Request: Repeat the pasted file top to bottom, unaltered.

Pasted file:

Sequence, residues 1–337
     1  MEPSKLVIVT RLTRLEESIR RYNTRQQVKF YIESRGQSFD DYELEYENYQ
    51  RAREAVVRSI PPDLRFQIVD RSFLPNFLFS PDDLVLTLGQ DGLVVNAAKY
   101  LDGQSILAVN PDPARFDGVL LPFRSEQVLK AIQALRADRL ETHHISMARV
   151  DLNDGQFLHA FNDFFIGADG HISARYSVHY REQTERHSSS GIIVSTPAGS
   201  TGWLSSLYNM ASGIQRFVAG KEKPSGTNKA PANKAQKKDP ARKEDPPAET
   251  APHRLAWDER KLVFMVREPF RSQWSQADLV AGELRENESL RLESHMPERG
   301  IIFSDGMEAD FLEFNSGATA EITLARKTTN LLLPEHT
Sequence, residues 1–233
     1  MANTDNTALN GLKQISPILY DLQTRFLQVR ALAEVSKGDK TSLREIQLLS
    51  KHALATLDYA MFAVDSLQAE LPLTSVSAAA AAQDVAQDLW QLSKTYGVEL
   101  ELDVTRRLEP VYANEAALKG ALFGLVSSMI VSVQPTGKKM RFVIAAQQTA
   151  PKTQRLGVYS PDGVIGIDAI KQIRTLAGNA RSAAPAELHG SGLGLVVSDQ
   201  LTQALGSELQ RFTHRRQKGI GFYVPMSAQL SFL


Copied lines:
Sequence, residues 1–337
     1  MEPSKLVIVT RLTRLEESIR RYNTRQQVKF YIESRGQSFD DYELEYENYQ
    51  RAREAVVRSI PPDLRFQIVD RSFLPNFLFS PDDLVLTLGQ DGLVVNAAKY
   101  LDGQSILAVN PDPARFDGVL LPFRSEQVLK AIQALRADRL ETHHISMARV
   151  DLNDGQFLHA FNDFFIGADG HISARYSVHY REQTERHSSS GIIVSTPAGS
   201  TGWLSSLYNM ASGIQRFVAG KEKPSGTNKA PANKAQKKDP ARKEDPPAET
   251  APHRLAWDER KLVFMVREPF RSQWSQADLV AGELRENESL RLESHMPERG
   301  IIFSDGMEAD FLEFNSGATA EITLARKTTN LLLPEHT
Sequence, residues 1–233
     1  MANTDNTALN GLKQISPILY DLQTRFLQVR ALAEVSKGDK TSLREIQLLS
    51  KHALATLDYA MFAVDSLQAE LPLTSVSAAA AAQDVAQDLW QLSKTYGVEL
   101  ELDVTRRLEP VYANEAALKG ALFGLVSSMI VSVQPTGKKM RFVIAAQQTA
   151  PKTQRLGVYS PDGVIGIDAI KQIRTLAGNA RSAAPAELHG SGLGLVVSDQ
   201  LTQALGSELQ RFTHRRQKGI GFYVPMSAQL SFL